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CALIFORNIA | LOCAL
November 11, 1997
Re "A Shortage of Skilled Workers," Opinion, Nov. 2: Joel Kotkin only tells some of the factors that have caused the labor shortage. What about the barrage of downsizing of recent years that forced many experienced and skilled people into early retirement? And what about the dismissal of these higher-paid, skilled workers in favor of lower-paid, younger workers. With no orderly transitioning of skills from the older workers to the younger ones, the end result is that it'll cost the corporation more at the end. The California Supreme Court decision on the age discrimination case (Oct.
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BUSINESS
September 14, 2013 | By Tom Petruno
Never let a crisis go to waste, says an old rule of politics. For some major players in the economy, the financial crisis that began five years ago this month with Lehman Bros.' collapse turned out to be as much an opportunity as a calamity. Although the memories that the anniversary evoke are overwhelmingly grim - cascading home foreclosures, bank failures, massive layoffs, diving stock prices - five years later some spectacular winners have emerged from the maelstrom, along with a more familiar list of pitiable losers.
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BUSINESS
June 8, 2012 | By Ricardo Lopez, Los Angeles Times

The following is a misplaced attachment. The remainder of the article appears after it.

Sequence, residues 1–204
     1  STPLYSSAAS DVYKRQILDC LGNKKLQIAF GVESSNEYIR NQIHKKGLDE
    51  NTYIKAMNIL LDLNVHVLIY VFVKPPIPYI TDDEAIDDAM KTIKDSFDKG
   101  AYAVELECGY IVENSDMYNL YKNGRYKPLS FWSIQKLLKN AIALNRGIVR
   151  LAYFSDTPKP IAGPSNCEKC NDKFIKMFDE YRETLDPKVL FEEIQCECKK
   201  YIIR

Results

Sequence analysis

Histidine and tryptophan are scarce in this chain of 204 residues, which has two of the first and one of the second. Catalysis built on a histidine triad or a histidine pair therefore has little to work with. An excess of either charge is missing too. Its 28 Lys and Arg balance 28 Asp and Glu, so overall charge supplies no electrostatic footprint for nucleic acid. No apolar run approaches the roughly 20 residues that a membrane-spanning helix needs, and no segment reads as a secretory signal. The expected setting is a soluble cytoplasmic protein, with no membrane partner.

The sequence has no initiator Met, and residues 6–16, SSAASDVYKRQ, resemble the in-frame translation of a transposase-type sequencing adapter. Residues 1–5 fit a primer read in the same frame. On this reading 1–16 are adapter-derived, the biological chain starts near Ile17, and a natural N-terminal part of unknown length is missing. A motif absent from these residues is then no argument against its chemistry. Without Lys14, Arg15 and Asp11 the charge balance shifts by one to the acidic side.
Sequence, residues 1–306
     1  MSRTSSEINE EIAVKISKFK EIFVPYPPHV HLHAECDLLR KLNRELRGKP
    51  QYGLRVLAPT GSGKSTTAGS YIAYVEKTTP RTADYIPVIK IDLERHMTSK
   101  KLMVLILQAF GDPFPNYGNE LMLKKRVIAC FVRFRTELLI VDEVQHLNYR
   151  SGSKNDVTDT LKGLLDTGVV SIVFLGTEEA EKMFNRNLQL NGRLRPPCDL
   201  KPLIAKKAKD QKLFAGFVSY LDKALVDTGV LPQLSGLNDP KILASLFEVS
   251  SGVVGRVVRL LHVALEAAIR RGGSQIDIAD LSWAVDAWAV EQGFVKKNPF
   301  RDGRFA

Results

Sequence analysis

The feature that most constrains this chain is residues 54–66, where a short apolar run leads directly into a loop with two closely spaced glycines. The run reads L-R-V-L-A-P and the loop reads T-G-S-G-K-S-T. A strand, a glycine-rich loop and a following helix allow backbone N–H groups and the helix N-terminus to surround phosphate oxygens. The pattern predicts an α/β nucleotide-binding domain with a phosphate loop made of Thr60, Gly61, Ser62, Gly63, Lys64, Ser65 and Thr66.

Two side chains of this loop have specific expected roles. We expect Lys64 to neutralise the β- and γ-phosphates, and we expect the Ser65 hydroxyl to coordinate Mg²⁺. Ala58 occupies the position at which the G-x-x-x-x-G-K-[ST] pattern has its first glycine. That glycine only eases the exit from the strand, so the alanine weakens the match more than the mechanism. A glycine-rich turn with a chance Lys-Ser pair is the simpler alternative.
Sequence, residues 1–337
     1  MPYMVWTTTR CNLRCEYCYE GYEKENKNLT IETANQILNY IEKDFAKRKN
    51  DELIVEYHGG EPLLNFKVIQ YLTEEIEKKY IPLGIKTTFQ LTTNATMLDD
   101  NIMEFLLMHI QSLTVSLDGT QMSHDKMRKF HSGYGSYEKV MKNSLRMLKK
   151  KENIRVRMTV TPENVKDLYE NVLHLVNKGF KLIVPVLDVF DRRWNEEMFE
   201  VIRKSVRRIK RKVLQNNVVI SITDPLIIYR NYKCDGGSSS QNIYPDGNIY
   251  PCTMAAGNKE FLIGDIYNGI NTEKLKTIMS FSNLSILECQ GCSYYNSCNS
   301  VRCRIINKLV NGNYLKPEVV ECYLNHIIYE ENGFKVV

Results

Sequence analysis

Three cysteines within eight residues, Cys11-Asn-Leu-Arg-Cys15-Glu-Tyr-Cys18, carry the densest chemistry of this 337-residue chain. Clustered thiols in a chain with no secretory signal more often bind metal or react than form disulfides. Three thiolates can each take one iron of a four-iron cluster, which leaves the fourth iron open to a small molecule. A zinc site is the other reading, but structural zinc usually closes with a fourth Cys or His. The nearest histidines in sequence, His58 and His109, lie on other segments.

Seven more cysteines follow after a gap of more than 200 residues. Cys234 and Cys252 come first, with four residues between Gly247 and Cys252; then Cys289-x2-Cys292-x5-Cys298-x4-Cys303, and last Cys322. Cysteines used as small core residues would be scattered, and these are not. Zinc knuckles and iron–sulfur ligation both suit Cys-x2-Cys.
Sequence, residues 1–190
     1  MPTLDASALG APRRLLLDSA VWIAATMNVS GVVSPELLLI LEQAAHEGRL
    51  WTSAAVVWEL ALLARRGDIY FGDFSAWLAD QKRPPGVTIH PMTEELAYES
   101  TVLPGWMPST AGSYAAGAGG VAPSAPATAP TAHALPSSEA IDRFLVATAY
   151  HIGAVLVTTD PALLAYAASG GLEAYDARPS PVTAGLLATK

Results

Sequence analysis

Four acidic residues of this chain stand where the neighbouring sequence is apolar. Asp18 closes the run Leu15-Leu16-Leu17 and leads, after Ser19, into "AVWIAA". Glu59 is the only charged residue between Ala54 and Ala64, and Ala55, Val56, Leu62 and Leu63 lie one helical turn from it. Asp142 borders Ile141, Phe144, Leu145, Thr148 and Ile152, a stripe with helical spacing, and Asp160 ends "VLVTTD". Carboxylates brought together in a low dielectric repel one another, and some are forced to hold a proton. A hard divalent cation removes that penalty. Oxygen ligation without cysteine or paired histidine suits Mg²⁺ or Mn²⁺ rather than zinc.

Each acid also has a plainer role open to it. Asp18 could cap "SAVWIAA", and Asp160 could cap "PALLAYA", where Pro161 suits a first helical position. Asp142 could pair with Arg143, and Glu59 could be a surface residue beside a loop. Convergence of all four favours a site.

With more than 12.7 million Americans unemployed, companies have no trouble attracting applicants. What's tougher for some firms is finding qualified workers. Just ask California Steel Industries. The Fontana steel maker needs experienced electrical and mechanical technicians to help it make metal pipes and flat-roll sheets used in construction projects. The pay is good. An industrial maintenance mechanic can make $64,000 a year plus health benefits. In good years, company profit-sharing can boost pay by $5,000.
BUSINESS
April 17, 2013 | By Shan Li and Diana Marcum, Los Angeles Times
Central Valley farmers, Southern California bankers and Silicon Valley executives have all struggled to find workers - and they say an outdated immigration policy has been to blame. They're all hoping that a bipartisan group of U.S. senators will have the answer when it unveils its plan, as early as this week, to overhaul federal immigration laws. Their stance: Reform couldn't come quickly enough. "What's at stake is the future of our economy, whether we can remain the most entrepreneurial nation," said Steve Case, co-founder of America Online and now chairman of investment firm Revolution.
WORLD
March 7, 2010 | By Devorah Lauter
Most of the storefronts on Jean Jaures Avenue in this small mining town are boarded up and appear abandoned. But in the brightly lighted window of Franck Fresson's pastry shop, tropical flowers intertwine with wild beasts made of sugar. Inside, chocolate figurines and an array of cakes sit like colorful, edible jewels. Behind the counter, Fresson's mother serves the customers who travel across the countryside to this shop, which belonged to Fresson's grandfather before him. Today, Fresson oversees every detail, arranging the glistening cakes in "harmonious," color-sensitive order.
NATIONAL
March 15, 2013 | By Brian Bennett, Los Angeles Times
WASHINGTON - An influential Republican senator involved in drafting a bipartisan immigration bill wants to lower the number of family members of U.S. citizens allowed to immigrate each year and instead increase the number of highly skilled workers. Democrats in the group have not agreed to the approach, but Democratic Senate aides concede that it could be part of the give and take of a deal. The proposal would eliminate the current preference for admitting siblings and adult children of U.S. citizens, but leave in place the preference for spouses and minor children.